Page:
15 Rare Dog Breeds
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There are many dog breeds in the world, and their popularity varies depending on location. Some breeds are truly ancient, while others have just been registered. Cross-breeding and working necessities have brought the development and birth of new breeds, while wars and other factors have led to the extinction of others.
Currently, the World Canine Organization (FCI) recognizes around 350 dog breeds, but there are few people that know them all. For this reason, AnimalWised has put together a list of 15 rare dog breeds that you probably don't know or don't know too well. Keep reading!
The first of our 15 rare dog breeds is the Puli, also called Hungarian Puli, native to Hungary and originally used for herding and watching over grazing sheep.
While it almost became extinct during World War II, the Puli has a loyal and active temperament and is an excellent companion. They are easy to train, so they are perfect to compete in Agility courses.
The Clumber Spaniel is one of the rare breeds of hunting dogs native to Britain: in fact, it is one of the Vulnerable Native Breeds of the UK. It was named after Clumber Park, where the Duke of Newcastle first met these dogs in the 19th Century.
Although they were used as hunting dogs, Clumber Spaniels are not particularly fast or active; however, they are good trackers. It is common to see them carrying objects in their mouth, as if to present some trophies. Currently, the Clumber Spaniel is only used as a companion dog and has a good and loving character. Here you can learn all about the different Spaniel breeds around the world.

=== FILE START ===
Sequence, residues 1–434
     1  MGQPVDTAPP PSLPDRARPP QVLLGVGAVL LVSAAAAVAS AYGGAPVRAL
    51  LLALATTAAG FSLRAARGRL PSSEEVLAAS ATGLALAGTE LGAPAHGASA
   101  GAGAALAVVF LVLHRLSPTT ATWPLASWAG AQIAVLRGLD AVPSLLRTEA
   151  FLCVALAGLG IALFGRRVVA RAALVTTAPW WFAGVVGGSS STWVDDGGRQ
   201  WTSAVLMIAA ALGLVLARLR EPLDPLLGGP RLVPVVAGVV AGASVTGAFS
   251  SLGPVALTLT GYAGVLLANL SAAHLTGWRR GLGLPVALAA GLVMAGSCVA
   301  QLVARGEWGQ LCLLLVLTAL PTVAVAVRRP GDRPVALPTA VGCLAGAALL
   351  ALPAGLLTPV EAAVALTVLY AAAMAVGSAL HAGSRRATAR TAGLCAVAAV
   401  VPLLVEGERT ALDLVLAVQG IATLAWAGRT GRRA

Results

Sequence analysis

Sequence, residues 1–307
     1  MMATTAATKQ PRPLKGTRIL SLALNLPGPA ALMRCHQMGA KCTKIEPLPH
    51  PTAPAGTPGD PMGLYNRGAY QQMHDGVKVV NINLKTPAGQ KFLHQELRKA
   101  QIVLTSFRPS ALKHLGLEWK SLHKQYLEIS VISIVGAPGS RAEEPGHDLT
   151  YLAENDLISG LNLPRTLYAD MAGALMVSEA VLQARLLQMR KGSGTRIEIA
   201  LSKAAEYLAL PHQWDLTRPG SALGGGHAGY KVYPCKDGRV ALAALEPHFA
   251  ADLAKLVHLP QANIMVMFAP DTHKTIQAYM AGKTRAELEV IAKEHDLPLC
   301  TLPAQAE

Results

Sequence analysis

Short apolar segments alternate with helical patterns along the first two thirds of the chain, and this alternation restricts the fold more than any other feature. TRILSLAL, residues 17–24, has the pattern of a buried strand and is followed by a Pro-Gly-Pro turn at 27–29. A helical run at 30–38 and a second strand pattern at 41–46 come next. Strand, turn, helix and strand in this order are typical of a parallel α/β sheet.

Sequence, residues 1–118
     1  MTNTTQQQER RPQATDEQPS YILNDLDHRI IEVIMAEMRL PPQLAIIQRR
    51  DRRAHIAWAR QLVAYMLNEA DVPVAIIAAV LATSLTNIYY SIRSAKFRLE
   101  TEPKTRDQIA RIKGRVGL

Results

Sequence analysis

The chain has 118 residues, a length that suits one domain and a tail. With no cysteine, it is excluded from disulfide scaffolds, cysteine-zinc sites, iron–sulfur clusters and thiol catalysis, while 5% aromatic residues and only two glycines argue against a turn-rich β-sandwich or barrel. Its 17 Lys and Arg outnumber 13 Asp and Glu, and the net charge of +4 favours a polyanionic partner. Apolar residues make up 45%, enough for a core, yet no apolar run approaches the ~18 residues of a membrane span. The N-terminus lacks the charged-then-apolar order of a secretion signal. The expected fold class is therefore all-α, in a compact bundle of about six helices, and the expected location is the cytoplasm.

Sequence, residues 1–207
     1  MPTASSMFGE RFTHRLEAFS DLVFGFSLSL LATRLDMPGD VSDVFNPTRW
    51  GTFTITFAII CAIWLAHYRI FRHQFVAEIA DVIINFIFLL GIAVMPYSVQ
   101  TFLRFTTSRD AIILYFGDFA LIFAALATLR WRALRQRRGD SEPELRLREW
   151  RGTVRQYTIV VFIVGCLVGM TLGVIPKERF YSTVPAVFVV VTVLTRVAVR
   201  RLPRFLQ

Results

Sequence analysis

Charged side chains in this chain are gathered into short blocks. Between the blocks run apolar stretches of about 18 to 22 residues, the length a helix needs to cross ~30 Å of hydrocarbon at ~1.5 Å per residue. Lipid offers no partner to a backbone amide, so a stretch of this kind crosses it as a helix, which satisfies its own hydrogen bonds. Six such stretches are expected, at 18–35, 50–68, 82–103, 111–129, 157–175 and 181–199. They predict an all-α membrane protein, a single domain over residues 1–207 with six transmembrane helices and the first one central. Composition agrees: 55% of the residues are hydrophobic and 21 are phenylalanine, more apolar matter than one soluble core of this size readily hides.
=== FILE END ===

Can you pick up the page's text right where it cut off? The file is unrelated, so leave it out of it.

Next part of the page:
The Cirneco dell'Etna is a dog breed that is quite rare outside its place of origin, Sicily.
This hound has trouble getting used to city living, as it requires constant exercise and lots of activity. Despite being a very loyal animal, the Cirneco dell'Etna is a difficult dog to train. Their most peculiar trait are its large and erect ears.
Mexican Hairless Dog
The Xoloitzcuintle, Xolo or Mexican hairless dog is one of the rare dog breeds from Mexico, as its name suggests. It is very popular in its native country, and its origin is old, dating back to the Maya and Aztecs who used them to protect their homes.
The Xolo is noble and extremely clever, and it comes in three sizes and a coated variety:
- Toy Mexican hairless dog: 23 to 36 cm (9 to 14 in)
- Medium Mexican hairless dog: 38 to 51 cm (15 to 20 in)
- Standard Mexican hairless dog: 51 to 76 cm (20 to 30 in)
Here you can learn more about hairless dog breeds.
The Saluki or Persian Greyhound is a rare breed native to the Middle East. It is believed to be the oldest breed, as it was domesticated thousands of years ago in the Fertile Crescent. In fact, the Saluki appears in Ancient Egyptian art!
This elegant greyhound has a physical structure optimized to reach high speeds, and their coat can come in many colors. By nature, Saluki dogs are quiet, peaceful and very loyal.
The Schipperke is a small herding dog of Belgian origin, more specifically from Flanders. It is one of the more active, curious and energetic rare breeds, and despite its small size it needs a lot of exercise and daily training.
They are ideal as watch dogs, and they love water and hunting small rodents. The most peculiar feature of the Schipperke is its fox-like appearance.
Another rare dog breed is the Plott Hound, which was originally bred in Germany to hunt wild boar. It was taken to North Carolina in the US for the purpose of hunting bears, and nowadays it is the official state dog breed.
Currently, the Plott Hound is still used as a hunting dog, as it is particularly effective when it hunts in packs. It needs room to exercise, and it is not suitable for apartments or small homes. The Plott Hound loves playing in the water and interacting with people.